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Neil Patrick Harris’ personal trainer shares body-weight moves he does with actor

As personal trainer to Neil Patrick Harris, Alex Dropo is helping him stay lean for his role on Netflix’s “A Series of Unfortunate Events.” But what the actor really wants to do is lift into a handstand.

“He is a natural-born athlete,” said Dropo, who started working with Harris over three years ago. “He started having these goals of handstands and more gymnastics-based movements.” 

To help get him there, Dropo incorporates controlled body-weight movements into Harris’ workouts to help build mobility, flexibility and a mind-body connection.

“I do movements that throw him out of his comfort zone,” Dropo said at a press event marking Harris’ involvement in Cigna’s TV Doctors of America campaign. “And it all comes down to core strength. Every body-weight movement you have to use your core.” 

Dropo demonstrated three movements that can help work your full body — and get you out of your comfort zone.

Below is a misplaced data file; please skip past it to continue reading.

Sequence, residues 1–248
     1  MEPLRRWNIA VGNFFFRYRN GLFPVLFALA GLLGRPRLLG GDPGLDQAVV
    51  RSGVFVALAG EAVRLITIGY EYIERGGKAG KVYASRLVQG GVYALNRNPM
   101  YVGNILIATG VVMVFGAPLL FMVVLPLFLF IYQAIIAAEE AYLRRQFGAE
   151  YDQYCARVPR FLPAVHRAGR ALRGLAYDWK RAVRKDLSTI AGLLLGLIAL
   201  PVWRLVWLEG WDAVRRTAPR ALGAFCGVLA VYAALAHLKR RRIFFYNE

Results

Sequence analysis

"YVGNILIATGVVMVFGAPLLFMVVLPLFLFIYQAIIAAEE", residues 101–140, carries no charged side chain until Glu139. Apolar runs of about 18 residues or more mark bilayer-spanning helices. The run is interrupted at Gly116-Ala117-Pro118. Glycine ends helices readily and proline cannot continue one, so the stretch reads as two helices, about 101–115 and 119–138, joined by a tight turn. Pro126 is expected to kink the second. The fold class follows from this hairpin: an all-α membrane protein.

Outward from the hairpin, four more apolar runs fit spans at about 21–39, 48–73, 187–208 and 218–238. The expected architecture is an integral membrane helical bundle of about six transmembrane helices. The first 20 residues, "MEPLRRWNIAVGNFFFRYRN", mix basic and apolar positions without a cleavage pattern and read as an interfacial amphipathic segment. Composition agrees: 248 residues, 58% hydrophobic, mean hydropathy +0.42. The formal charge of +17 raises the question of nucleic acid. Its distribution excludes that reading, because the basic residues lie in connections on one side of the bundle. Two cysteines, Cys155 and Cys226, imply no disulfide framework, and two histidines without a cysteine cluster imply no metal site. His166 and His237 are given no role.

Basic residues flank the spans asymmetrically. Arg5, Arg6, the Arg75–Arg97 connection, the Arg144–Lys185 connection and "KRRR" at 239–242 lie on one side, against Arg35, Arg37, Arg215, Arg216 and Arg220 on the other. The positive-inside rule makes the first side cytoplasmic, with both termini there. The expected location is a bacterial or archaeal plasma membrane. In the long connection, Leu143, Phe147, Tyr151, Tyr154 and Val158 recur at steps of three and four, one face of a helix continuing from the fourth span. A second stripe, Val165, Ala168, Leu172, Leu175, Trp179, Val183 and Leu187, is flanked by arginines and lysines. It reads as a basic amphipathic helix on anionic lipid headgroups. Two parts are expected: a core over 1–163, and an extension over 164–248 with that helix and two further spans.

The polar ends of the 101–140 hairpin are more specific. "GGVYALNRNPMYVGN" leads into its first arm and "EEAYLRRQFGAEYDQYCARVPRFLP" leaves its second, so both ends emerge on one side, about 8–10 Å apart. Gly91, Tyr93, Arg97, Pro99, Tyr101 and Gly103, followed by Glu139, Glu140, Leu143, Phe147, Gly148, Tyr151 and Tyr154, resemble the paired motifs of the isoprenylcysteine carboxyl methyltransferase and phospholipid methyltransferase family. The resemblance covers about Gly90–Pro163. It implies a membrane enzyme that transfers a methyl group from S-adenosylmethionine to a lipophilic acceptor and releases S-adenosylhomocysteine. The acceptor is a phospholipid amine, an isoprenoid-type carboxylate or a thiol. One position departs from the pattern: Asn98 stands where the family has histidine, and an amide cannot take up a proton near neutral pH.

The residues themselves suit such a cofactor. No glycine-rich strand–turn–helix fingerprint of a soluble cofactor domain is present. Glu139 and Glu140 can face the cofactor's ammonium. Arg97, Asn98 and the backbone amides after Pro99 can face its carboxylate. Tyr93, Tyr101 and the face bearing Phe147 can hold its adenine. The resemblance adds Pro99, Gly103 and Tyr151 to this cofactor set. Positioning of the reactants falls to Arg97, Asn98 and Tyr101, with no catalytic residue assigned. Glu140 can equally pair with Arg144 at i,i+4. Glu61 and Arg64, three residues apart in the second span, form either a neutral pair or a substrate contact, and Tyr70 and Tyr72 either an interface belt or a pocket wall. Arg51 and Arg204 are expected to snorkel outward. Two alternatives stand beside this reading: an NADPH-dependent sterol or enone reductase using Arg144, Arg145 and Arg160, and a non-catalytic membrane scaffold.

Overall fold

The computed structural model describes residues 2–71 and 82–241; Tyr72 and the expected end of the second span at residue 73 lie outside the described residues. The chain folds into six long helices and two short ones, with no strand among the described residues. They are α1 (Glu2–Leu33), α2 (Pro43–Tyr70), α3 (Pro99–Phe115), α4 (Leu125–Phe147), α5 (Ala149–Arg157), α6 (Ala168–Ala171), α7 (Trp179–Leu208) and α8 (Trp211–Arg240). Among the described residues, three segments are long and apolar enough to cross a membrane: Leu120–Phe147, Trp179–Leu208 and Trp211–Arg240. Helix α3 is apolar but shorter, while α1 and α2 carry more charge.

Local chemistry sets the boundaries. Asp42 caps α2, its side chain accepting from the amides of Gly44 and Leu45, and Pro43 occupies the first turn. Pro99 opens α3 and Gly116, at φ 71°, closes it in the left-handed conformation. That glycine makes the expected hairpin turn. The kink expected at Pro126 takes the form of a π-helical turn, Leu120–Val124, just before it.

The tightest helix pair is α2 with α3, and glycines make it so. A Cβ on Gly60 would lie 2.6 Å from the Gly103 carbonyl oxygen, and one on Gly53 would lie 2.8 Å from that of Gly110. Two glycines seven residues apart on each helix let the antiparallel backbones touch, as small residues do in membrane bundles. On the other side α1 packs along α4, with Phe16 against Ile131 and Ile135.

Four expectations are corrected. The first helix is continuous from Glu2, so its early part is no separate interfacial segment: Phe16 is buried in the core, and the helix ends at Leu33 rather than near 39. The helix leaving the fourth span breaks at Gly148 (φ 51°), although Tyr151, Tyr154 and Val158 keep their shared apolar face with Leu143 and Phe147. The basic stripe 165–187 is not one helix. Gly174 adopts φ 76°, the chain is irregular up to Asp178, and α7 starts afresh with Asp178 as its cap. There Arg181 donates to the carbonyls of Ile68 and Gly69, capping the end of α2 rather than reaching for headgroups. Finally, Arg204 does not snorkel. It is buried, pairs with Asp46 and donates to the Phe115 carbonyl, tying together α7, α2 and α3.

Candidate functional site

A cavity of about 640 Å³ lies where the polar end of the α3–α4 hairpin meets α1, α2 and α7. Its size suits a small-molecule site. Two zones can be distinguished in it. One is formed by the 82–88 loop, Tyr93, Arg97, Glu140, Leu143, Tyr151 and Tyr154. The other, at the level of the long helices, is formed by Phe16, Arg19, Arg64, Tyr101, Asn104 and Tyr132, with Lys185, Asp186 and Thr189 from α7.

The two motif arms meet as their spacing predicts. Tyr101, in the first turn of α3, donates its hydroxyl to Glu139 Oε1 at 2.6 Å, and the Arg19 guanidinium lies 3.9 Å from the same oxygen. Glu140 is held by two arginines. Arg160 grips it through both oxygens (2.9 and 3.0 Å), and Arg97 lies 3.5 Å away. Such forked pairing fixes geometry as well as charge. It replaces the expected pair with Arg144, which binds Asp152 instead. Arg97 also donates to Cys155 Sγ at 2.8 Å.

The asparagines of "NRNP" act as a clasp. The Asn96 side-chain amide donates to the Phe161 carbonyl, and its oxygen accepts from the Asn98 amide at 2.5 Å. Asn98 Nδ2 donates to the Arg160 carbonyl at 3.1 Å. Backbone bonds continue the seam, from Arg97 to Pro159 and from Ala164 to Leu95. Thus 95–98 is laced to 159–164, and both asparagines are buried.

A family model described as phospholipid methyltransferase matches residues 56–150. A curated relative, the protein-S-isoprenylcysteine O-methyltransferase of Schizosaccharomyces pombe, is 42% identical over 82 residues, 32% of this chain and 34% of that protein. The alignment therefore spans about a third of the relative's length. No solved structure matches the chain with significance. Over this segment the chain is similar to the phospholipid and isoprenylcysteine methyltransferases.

Hollow body

Alex Dropo demonstrates the hollow body. for article
Photo Credit: Meredith Deliso

This is a foundational move for the gymnastics-based movements that Dropo teaches. “It all comes down to building your core first,” he said. For this, your back is slightly rounded to engage your core, your hips are tucked to push the lower back down to remove tension, your legs are lifted with your toes pointed and your arms are overhead straight behind you. 

Spider-Man crawl

The spiderman crawl, demonstrated by personal trainer Alex
Photo Credit: Meredith Deliso

This move takes some time to coordinate. “Everyone wants to go, go, go, but then you’re all caught up,” Dropo said. “It’s really important to know how to do the movement. You’re not just guessing and throwing your body in that direction.” From a plank position, bend your left knee to meet your left elbow and extend your right arm forward (1). Then crawl forward by bringing your right knee to meet your right elbow and extending your left arm and straightening your left leg (2), and so on. It’s a primal movement, also known as animal flow, Dropo said. “It’s all about getting your body to go in different directions, not just bicep curls.”

Forward apes

The forward ape, demonstrated by personal trainer Alex
Photo Credit: Meredith Deliso

Also called traveling apes, this basic, primal movement Dropo uses “to get people comfortable putting weight into their fingertips. You’re learning how to engage the core and lower back to lift into the handstand.” Crouching (1), you want to get the shoulders over the wrists (2) then hop forward. 

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